Two years in the making, a new "prescribed burning" program at Lake Lanier is set to be rolled out this winter by the U.S. Army Corps of Engineers.
The federal government is looking to burn off debris in wooded areas filled with weeds, pine needles and "forest litter," Chief Ranger Jeff Emmert said.
The program could help benefit certain tree species and wildlife, as well as lessen the likelihood for a wildfire.
"We're trying to go at it slowly and methodically, just to be sure that we cover all safety issues and proper management issues in terms of what we want to accomplish," Emmert said.
Overall, the program is "an attempt to improve our natural resource management, park areas and other large areas we have, and to continue responsibly managing those areas," he said.
Lake Lanier, built in the 1950s, has nearly 700 miles of shoreline and 10,000 acres of land. Parks, marinas and campgrounds surround the lake, along with many pricey residential areas.
"Most of our recreational areas ... have never had a prescribed burning," Emmert said.
As the corps began considering a burning program, it contacted the Forsyth County Fire Department, which has a nationally recognized unit, the Wildland/Urban Interface Division.
The Forsyth unit, which focuses on suppressing fires in wooded areas near homes, "has been a great asset in providing some training for us, as well as some oversight, guidelines and the processes they have gone through as a county unit," Emmert said.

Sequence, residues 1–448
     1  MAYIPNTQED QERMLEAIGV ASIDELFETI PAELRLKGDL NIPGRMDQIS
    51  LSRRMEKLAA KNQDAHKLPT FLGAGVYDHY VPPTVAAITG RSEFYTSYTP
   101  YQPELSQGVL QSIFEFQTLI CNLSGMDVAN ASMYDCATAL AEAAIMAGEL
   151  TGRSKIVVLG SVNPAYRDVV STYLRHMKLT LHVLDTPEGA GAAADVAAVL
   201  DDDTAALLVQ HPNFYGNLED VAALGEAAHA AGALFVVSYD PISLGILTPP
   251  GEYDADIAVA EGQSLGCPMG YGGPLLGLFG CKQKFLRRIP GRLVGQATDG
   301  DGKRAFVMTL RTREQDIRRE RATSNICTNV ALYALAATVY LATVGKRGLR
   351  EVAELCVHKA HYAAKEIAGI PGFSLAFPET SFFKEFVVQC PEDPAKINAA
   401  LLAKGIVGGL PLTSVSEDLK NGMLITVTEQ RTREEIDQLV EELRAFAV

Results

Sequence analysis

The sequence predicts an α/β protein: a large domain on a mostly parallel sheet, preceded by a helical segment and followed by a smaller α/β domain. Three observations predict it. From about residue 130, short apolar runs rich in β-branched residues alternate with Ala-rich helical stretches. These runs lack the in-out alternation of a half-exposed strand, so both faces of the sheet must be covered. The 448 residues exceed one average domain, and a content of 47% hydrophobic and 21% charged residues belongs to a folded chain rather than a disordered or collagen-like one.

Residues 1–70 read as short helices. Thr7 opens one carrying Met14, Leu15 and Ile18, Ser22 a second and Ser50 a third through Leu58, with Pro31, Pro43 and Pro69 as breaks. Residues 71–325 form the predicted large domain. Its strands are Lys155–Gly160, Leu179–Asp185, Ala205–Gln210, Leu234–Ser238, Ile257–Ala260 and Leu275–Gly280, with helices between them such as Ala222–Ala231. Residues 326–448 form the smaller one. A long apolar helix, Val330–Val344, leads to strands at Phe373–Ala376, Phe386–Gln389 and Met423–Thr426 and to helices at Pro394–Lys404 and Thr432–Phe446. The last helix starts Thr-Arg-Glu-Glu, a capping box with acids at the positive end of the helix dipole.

The corps also has sought assistance from the Georgia Forestry Commission in training its employees for the burning program, Emmert said.
"We've done some small (training) fires here and there," he added.
The first multiacre one is planned for January, with the corps still working to nail down the location, which is likely to be around the Gwinnett-Forsyth County side of the lake. The program will expand to other counties around the lake, including Hall.
As part of the fires, corps employees will work first to clear away debris from structures such as picnic tables and camping sites, or "(areas) you don't want blackened by a fire," Emmert said.
Also, he expects the corps will alert the public about the fires in advance, to try to stem any concerns about large plumes of smoke from the burn sites.
Capt. Jason Shivers, spokesman for the Forsyth County Fire Department, said that timing for the prescribed burns "is pretty critical ... because you want to do it when the environmental conditions are right and before the spring humidity rises, so you're accomplishing your goals."
Forsyth will be available to help the corps further, as needed, in the program, Shivers said.
The fire department has a vested interest in the program succeeding.
"Forsyth County has the most shoreline of Lake Lanier than any other county," Shivers said. "These areas have never been burned and they have a tremendous amount of fuel that really does need to be removed, to make for a safer environment."